The 760mm gauge 800v DC line is in the state of Steiermark in southeast Austria. There used to be passenger services but they were withdrawn on the 31st of July 1966. The Steiermark government railways, (You'll hear more about them sometime) and run the remaining section from the Austrian federal railways (ÖBB) system at Mixnitz-Bärenschützklamm to the magnesite works in Breitenau. It seems the line has a future: After major flooding in August 2005, it was rebuilt by mid-October, and the stations in the video are recently reinstated, mostly for charter trains.

All of which is good news, but what if the investment could be extended to high-capacity bogie wagons which could move at more than 20kmh, and modern, low floor coaching stock similar to the standard gauge ‘Desiro’ seen at the start of the video?

Is this a dream, or an eco-friendly rural transport solution for the future?

Tuesday, September 11, 2007


Recently, I was running an errand and I passed a factory that uses a lot of roll-on containers, and very obligingly stores them next to the cycle path. So I took some photos in preparation for the skip-building project. This one shows the variety in these ‘standard’ designs. I know I should start by making a square-cornered version like that on the right, but something tells me I’m going to have a go at chamfered corners at some point… By the way, the fabric covering seems to be unique to this company. Any ideas why it is used and how would be gratefully received…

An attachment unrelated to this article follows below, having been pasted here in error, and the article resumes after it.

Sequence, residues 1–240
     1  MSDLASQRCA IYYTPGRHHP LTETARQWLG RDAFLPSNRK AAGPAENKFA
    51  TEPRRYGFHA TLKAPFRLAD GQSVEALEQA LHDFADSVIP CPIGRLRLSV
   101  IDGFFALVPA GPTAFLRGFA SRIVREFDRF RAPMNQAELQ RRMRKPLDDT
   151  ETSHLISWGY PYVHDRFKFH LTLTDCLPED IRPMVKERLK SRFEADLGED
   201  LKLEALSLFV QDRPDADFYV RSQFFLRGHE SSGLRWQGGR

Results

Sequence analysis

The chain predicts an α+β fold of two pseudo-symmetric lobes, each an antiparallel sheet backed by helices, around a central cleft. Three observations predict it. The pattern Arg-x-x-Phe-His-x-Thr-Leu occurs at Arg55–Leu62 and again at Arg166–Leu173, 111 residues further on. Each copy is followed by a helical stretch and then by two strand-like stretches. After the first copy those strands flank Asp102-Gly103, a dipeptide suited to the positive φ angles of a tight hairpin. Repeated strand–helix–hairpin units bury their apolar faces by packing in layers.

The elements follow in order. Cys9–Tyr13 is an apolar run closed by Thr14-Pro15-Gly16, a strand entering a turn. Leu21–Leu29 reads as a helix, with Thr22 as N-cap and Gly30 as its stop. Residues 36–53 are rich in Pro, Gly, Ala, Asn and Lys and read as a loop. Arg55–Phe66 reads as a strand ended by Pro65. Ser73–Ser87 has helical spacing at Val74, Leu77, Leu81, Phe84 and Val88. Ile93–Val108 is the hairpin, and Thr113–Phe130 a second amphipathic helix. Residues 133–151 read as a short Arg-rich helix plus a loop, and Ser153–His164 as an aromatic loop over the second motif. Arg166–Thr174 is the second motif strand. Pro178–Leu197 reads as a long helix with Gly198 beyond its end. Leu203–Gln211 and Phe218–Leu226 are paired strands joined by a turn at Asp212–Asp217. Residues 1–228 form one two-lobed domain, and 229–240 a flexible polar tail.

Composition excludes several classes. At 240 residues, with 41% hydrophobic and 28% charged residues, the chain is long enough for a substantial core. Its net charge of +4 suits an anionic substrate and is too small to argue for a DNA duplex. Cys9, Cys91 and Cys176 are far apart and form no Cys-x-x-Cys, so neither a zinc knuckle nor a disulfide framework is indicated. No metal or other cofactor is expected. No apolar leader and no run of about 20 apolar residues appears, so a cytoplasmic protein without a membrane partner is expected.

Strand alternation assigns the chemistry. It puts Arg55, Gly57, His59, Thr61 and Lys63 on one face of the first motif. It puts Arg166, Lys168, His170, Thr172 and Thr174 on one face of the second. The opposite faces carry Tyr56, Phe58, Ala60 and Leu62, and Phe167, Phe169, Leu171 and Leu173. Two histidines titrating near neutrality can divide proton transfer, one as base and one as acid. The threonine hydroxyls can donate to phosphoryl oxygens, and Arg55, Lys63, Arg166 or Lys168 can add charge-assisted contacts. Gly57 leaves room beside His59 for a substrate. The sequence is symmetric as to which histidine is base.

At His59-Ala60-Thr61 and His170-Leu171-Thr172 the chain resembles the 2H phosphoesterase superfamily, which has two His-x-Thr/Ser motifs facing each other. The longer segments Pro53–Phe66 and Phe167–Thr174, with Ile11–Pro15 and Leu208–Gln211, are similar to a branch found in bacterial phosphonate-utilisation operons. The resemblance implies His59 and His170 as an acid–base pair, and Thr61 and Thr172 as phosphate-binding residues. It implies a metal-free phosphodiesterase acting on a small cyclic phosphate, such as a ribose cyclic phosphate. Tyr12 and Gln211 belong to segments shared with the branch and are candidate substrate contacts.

Sunday, September 09, 2007

Getting Ambitious.

The Maschienenfabrik Ostfildern have been working on the third wood wagon. This is going to be slightly different from the first batch with deeper side frames and wider uprights to give the impression of an altogether heavier unit. This one will also be less flexible with an open frame designed to take wood or pipes but not the containers. I figure the KÖB will have a fairly heavy wood traffic so some more specialised wagons could be justified.

This marks a new first, because I’m basing the model on a standard gauge wagon, rather than a narrow gauge, and I’m modelling a prototype I’ve been able to photograph myself rather than one off the internet. Here’s a (battered) example of the original, awaiting departure from Breisach in behind a MaK B-B unit owned by the Südwest Eisenbahngesellschaft (SWEG) on a damp day in January this year.

I cut most of the pieces for the wagon on Saturday afternoon. I debated making the frame from sections, but eventually I went for making the whole lot from one piece, on the basis it would hopefully be a bit stronger, as it is fairly thin: 0.5mm plasticard. Because of this, I made the bracing pieces deliberately heavy-duty to compensate.

By the time we had to get ready to go out for the evening -there was a festival in the local town and the boys wanted to see fire-eaters and other mesmerising things- the wagon looked like this:

Then today, I took a deep breath and made the usually fatal step of trying to stick it together.
Remarkably, it worked, mostly.